Inflation is on everyone’s lips these days. But it hadn’t been for a while, so there’s nothing strange if you don’t know the exact meaning of the word. Everyone here who’s younger than fifty, for example, will probably have spent their whole adult life without inflation being such a big issue, considering that at least since the early nineties it hadn’t been a problem in most European countries. But now things have changed, big time.
The good news is that if you’re not exactly sure what all this fuss is about, you’ve come to the right place: let’s find out together why inflation is making investors so nervous!
Let’s start from the basics: what is inflation?
To put it simply: inflation is just prices going up. For example, have you noticed that the price tags of all kinds of stuff tend to rise every year? From houses and cars to beer and ice cream. Now, if prices go up by 2%, economists say that the inflation rate is 2%.
I chose this 2% not by chance. That’s actually what most economists believe to be the ideal inflation rate. Because it means that the economy is healthy enough for people having money to buy stuff (that leads to an increase in prices). But at the same time the price climb is not so steep that the €20 you have in your pocket in the morning becomes worthless by the end of the day (as can really happen during a tough inflation crisis).
So inflation is not necessarily bad?
As we said earlier, a bit of inflation is actually considered necessary in a market economy. Otherwise we’ll have a so-called “deflation” (prices decreasing), that leads to all other sorts of issues.
The problem with inflation comes when it gets out of hand. And also when the rise in prices is not followed by a rise in wages. Because then people can no longer afford to pay for what they need. Say that new iPhone you like… or even food, when the inflation rate gets really high.
That may be unfortunate for people, but what about the markets?
Ok, I see where you’re going: if prices go up, companies should be earning more, right? Well, there are several issues that make it a bit more complicated than it seems.
First of all, this increase also affects raw materials, energy and everything else. So companies might charge more, but they’re spending more too.
Let’s look at oil, for example, on which you can trade CFDs with Stryk.
Oil prices have been at a pricey level all year with WTI trading between $80 and $130 per barrel. In particular, oil spiked in March due to the Russia/Ukraine war and was trading above $100 until July. Between July and November WTI has been trading between $80 and $100.
Always remember though, past performance isn’t always an indicator of future performance. Don’t forget that you can also try them out with a Demo Stryk account to see if CFD trading feels right for you.
There’s also the fact that when money is worth less, people will use it more carefully. Depending on how bad inflation is, one might decide against buying a new car, a new Netflix subscription or even just going out for a beer. This will lead to a fall in sales, profits and eventually stock prices.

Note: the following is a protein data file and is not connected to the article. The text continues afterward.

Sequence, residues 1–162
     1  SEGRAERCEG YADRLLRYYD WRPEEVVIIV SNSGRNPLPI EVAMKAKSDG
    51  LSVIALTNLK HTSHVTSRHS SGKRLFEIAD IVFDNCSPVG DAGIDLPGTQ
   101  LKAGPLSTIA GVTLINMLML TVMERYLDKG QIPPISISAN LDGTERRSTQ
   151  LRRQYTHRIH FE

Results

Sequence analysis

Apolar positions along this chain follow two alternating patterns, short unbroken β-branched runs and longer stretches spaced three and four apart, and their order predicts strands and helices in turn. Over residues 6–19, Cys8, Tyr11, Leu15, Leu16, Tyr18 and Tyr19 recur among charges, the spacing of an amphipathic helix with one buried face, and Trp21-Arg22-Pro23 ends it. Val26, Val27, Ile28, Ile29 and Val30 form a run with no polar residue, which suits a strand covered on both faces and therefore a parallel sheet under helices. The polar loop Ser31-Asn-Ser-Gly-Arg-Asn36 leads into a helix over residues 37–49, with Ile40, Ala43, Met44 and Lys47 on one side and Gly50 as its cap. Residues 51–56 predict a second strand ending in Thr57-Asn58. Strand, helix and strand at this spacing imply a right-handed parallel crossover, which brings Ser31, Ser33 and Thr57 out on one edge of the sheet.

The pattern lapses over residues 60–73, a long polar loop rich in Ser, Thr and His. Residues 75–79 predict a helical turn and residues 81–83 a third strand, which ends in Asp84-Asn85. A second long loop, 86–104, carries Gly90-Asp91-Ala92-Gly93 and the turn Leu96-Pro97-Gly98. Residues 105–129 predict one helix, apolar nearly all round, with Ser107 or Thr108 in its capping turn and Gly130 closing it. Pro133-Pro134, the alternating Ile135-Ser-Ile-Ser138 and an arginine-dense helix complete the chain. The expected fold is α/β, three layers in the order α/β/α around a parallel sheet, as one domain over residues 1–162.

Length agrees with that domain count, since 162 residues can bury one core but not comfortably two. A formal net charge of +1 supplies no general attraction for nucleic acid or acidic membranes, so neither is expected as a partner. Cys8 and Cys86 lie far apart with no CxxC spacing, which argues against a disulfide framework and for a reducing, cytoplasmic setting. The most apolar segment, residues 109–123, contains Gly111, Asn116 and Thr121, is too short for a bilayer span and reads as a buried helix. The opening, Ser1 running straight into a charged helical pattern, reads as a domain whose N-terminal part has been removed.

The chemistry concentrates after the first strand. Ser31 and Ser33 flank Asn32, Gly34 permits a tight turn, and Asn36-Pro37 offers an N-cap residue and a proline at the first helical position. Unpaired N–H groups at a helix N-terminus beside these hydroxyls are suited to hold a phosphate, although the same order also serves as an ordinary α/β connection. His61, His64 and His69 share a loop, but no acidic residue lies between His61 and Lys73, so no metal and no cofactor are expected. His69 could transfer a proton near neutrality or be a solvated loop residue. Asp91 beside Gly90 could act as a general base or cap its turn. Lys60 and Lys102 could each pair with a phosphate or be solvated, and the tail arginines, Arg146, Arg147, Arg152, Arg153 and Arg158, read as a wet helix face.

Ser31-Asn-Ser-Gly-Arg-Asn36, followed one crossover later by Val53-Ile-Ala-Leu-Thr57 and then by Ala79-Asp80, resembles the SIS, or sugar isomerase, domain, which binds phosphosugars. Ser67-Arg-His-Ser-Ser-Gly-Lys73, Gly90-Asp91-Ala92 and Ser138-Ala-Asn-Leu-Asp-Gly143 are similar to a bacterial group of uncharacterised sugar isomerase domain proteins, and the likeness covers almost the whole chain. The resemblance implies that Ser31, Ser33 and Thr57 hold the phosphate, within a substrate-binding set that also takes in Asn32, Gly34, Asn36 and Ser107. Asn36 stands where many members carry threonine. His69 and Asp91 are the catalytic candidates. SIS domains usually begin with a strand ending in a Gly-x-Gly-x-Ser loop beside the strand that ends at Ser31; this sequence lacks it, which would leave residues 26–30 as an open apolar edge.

In the worst case scenario you may have an even worse situation called “stagflation”: when prices keep going up while wages shrink and the economy collapses. And that’s clearly bad for everyone.
Is there a remedy?
Well, if I had a fool-proof fix for inflation I would be probably heading the European Central Bank right now… but there are a few things that most economists agree that can help tackle an inflation crisis. Unfortunately, they’re usually bad for the markets.
The biggest weapon that central banks have in their arsenal is the power to change the so-called “interest rates”. That means literally the cost of borrowing money. In other words, it represents how much money is worth. Because if you borrow 100 euros from a bank when the interest rate is 1%, you’ll have to pay back 101 euros. But when the interest rate is higher, you’ll have to give them back more than that. And that’s why in such cases they say that the money costs more.
So when inflation exceeds that 2% that we mentioned earlier (reducing the value of money in your bank account), central banks increase interest rates (which in turn increases the value of that money). So that in the end the two should balance themselves and keep prices steady.
Phew… but why then is everyone still worried?
An interest rate increase makes all borrowed money cost more. That means that your mortgage costs more, as does everything you pay for with your credit card, what you had planned on investing in the markets or what your company relied on for expanding its business.
The consequence is that you may not be able to pay up your mortgage to the bank, you may have to spend less, invest less in the markets and your company may postpone its expansion plans. In other words, companies will make less profit and the economy will shrink.
Plus, sometimes that won’t even be enough to stop inflation from rising. And that’s exactly the situation we’re currently in: despite several rate increases by the American Federal Reserve and the European Central Bank, consumer prices have just started slowing down their ascent (and they’re still going up, anyway).
In our next article we’ll try to understand what is causing the current inflation crisis and what could be in store for us in the near future. In the meantime keep your eyes open for any news on inflation and use what we just talked about to better understand how that could affect the markets.